Fossil Caminalcules

Cladogram

Phenogram in a phylogeny, phenetic groupings will fail to link the genealogically closest branch points and place emphasis on the degree of phenetic divergence.

This criticism, which was Farris's fatal shot at phenetics, has come back to haunt phylogenetic approaches as well. Felsenstein (1982) pointed out that unequal rates of evolution, combined with short internal internode lengths, is an impediment to the success of phylogenetically based methods employing parsimony. This was shown in a simulation study that demonstrated a zone of chaos, where rates of change were highly unequal. Huelsenbeck and Hillis (1993) identified this type of tree topology as the "Felsenstein zone" (Figure 2.11), which hoisted Farris on his own petard. Although all phylogenetic techniques may fail under some extreme circumstances, it does turn out that the UPGMA clustering approach appears to under-perform relative to other groups in recovering the correct evolutionary relationships.

Problems with phenetic clustering can be seen in Sokal's (1983a, 1983b, 1983c) comprehensive study of the caminalcules, a group of synthetic creatures whose complete history, including phylogeny, fossils, and recent species are known by definition. The phenetic classification is superposed on the phylogeny in Figure 2.12. Groups A, B, C, and D, labeled by common shading patterns, are those clustered above one arbitrary level of phenetic similarity, whereas numbered subgroups (e.g., A1, A2) are clustered above another arbitrary but still higher level of similarity. B1 is the direct phyletic ancestor of B2, but the classification groups them as of equal rank. In another case, C1 gives rise to D2, which in turn gives rise to C4. The A group is of particular interest. It includes the ancestral group, A1, and a derived

Figure 2.11. Four tree topologies of four taxa with different branch lengths. In Region I, methods such as parsimony and neighbor joining do well at recovering the correct tree, although the Unweighted Pair Group Method (UPGM) and Lake's invariant method do relatively poorly. Performance falls off in region II, where branches are long. Region FZ is the Felsenstein zone, a set of topologies that cannot be readily analyzed successfully by any algorithms to recover the correct evolutionary tree. (After Huelsenbeck and Hillis 1993.)

Figure 2.11. Four tree topologies of four taxa with different branch lengths. In Region I, methods such as parsimony and neighbor joining do well at recovering the correct tree, although the Unweighted Pair Group Method (UPGM) and Lake's invariant method do relatively poorly. Performance falls off in region II, where branches are long. Region FZ is the Felsenstein zone, a set of topologies that cannot be readily analyzed successfully by any algorithms to recover the correct evolutionary tree. (After Huelsenbeck and Hillis 1993.)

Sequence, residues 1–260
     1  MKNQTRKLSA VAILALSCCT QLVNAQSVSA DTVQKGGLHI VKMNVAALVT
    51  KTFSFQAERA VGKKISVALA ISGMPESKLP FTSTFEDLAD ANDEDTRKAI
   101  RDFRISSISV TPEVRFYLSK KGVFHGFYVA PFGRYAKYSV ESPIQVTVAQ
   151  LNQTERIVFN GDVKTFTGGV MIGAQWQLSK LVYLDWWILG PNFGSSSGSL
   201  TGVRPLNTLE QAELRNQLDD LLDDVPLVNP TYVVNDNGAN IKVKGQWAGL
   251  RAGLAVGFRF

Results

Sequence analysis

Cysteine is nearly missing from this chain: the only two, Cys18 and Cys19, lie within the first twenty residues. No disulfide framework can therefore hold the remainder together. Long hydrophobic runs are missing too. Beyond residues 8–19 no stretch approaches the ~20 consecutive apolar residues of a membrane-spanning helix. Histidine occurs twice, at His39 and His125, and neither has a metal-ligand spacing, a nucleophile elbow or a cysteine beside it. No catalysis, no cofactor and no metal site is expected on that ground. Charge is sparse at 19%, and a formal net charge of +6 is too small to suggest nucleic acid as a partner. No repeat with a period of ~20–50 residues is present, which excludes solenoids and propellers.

Figure 2.12. Phylogeny of the caminalcules. Shaded pattern unites group at the 0.0 phenon (similarity) level. Numbered subgroups are united at the 0.5 level. Vertical axis indicates arbitrary time units. (After Sokal 1983c.)

"radiation," (A2, A3, A4, A5, A6) as groups of equal rank. But A1 on the phenogram appears to be strongly derived, whereas it is the ancestor group of the entire clade! The groupings, therefore, do not present a consistent picture as to genealogy, nor is there a way to connect the groups, given the absence of information or hypotheses on polarity of evolutionary change or derived states in common. Indeed, it is the precision of identification of defining character states in Hennigian trees that allows us to see precisely how a tree is defined. By contrast, phenetic indices amalgamate many characters into one index.

The controversy over phenetics has died because cladistic techniques have won the hearts and minds of systematists and evolutionary biologists. Overt phylogenetic approaches now dominate the pages of molecular and morphological evolution journals. Parsimony has struck most as a sensible hypothesis of evolutionary deriva-

tion, but even more importantly, most systematists have recognized the utility of identifying monophyletic groups with a system whose information can be mapped simply as character changes on a tree of evolutionary relationships. Indeed, although parsimony dominates the thinking of evolutionary biologists concerned with morphology, molecular data sets have lent themselves to other approaches that perform as well as parsimony in many cases (see the next section).

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